Overdose Prevention

Who is at Risk of Overdose?

According to the World Health Organization, people dependent on opioids are the group most likely to suffer an overdose. People at higher risk of opioid overdose include:

  • Household members of people in possession of opioids (including prescription opioids)
  • People who inject opioids
  • People who use opioids and have medical conditions such as HIV, liver or lung disease or suffer from depression
  • People who use opioids in combination with other sedating substances
  • People who use prescription opioids, in particular those taking higher doses
  • People with opioid dependence, in particular following reduced tolerance (following detoxification, release from incarceration, cessation of treatment)

Infectious Diseases

People who inject opioids and share needles are at increased risk for developing infectious diseases, such as HIV, Hepatitis B and C, Tuberculosis, and other blood borne infectious diseases. In addition to linkage to treatment and recovery, it is important to reduce harm and the spread of these serious diseases. For resources to prevent infectious diseases, view needle exchange locations offered by the Chicago Recovery Alliance.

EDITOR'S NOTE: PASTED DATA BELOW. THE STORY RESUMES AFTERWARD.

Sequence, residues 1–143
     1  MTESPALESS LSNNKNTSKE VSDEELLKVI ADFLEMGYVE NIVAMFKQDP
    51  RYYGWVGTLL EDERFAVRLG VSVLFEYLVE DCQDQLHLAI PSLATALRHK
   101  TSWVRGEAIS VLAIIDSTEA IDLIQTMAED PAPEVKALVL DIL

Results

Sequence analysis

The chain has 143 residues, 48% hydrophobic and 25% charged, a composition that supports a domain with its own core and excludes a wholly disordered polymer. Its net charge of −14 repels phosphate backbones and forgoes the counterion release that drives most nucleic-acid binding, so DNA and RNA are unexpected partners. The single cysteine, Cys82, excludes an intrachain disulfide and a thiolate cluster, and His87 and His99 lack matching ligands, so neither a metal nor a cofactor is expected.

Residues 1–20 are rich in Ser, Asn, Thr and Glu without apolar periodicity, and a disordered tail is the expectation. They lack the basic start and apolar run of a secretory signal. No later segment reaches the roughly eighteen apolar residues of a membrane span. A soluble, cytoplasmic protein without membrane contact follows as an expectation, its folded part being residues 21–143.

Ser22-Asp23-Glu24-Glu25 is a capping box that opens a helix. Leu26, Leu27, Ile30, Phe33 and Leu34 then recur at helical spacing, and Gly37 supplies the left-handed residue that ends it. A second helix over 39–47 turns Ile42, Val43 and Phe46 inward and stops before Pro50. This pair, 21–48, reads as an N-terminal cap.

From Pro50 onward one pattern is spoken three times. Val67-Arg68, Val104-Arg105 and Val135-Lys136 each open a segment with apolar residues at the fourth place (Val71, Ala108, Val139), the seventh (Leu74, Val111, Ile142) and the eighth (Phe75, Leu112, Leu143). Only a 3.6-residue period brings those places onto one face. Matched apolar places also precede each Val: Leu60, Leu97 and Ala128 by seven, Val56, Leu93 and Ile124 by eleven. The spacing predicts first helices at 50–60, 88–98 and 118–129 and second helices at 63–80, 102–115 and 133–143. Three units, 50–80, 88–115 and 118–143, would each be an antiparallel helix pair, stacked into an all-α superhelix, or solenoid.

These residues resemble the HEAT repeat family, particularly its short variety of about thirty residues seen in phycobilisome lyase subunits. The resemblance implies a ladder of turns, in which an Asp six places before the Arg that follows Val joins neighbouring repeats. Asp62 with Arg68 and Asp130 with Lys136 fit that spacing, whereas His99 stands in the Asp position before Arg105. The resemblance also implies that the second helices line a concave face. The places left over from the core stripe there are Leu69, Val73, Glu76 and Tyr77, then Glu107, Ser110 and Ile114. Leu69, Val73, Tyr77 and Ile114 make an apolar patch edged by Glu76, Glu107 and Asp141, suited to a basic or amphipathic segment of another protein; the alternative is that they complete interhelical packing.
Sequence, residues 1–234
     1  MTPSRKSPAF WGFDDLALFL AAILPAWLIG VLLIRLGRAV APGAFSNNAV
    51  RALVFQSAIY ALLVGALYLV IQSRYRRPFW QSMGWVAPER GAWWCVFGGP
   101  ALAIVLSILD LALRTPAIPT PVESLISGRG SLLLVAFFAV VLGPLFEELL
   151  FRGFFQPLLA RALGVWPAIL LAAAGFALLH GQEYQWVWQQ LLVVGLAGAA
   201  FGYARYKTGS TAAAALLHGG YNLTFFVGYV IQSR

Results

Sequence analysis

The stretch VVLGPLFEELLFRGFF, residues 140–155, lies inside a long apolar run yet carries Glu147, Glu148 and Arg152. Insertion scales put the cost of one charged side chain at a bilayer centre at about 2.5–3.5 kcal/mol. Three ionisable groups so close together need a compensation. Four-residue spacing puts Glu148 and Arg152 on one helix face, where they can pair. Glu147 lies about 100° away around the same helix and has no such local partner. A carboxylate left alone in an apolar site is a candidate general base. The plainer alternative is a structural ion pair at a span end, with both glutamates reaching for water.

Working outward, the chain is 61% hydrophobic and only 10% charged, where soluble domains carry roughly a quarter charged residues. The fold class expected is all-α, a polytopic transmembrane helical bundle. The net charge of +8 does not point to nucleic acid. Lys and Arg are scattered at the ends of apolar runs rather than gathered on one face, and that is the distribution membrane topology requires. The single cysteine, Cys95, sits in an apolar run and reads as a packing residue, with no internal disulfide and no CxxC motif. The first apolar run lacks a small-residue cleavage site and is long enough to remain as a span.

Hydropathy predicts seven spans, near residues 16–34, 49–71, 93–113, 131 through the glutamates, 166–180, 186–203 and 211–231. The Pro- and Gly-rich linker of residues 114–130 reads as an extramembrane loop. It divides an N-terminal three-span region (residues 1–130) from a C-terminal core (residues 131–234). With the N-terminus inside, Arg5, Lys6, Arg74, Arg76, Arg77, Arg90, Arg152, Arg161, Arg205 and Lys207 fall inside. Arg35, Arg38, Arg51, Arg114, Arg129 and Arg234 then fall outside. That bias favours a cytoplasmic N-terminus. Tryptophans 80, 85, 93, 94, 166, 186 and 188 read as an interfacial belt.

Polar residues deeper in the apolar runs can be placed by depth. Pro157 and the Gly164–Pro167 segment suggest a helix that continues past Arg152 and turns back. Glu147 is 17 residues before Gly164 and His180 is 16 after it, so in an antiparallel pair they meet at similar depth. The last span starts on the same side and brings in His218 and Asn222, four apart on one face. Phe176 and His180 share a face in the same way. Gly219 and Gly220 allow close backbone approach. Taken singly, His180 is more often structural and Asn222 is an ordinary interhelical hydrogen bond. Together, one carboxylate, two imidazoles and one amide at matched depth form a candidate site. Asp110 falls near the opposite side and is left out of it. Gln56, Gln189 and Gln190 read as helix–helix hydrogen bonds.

Who is at Risk of Witnessing an Overdose?

People most likely to witness an opioid overdose include:

  • People at-risk of an opioid overdose, their friends and families
  • People whose work brings them into contact with people who overdose:
    • Emergency service workers
    • Health-care workers
    • Peer education and outreach workers
    • People providing accommodation to people who use drugs
    • Police

Overdose Prevention Training

The DuPage Narcan Program offers free trainings to community members virtually and in-person, where attendees can learn about the signs and symptoms of an opioid overdose, how to use the lifesaving antidote Narcan, and learn about community resources. View a list of upcoming training events.